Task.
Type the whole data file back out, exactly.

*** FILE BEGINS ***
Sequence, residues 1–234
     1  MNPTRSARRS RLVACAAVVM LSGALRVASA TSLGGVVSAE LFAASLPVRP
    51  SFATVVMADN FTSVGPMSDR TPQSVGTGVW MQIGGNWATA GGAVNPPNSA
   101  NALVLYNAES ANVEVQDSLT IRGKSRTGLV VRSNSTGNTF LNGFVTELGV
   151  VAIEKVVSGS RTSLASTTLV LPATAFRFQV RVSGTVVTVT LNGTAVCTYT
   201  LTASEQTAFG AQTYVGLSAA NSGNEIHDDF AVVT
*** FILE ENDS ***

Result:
Sequence, residues 1–234
     1  MNPTRSARRS RLVACAAVVM LSGALRVASA TSLGGVVSAE LFAASLPVRP
    51  SFATVVMADN FTSVGPMSDR TPQSVGTGVW MQIGGNWATA GGAVNPPNSA
   101  NALVLYNAES ANVEVQDSLT IRGKSRTGLV VRSNSTGNTF LNGFVTELGV
   151  VAIEKVVSGS RTSLASTTLV LPATAFRFQV RVSGTVVTVT LNGTAVCTYT
   201  LTASEQTAFG AQTYVGLSAA NSGNEIHDDF AVVT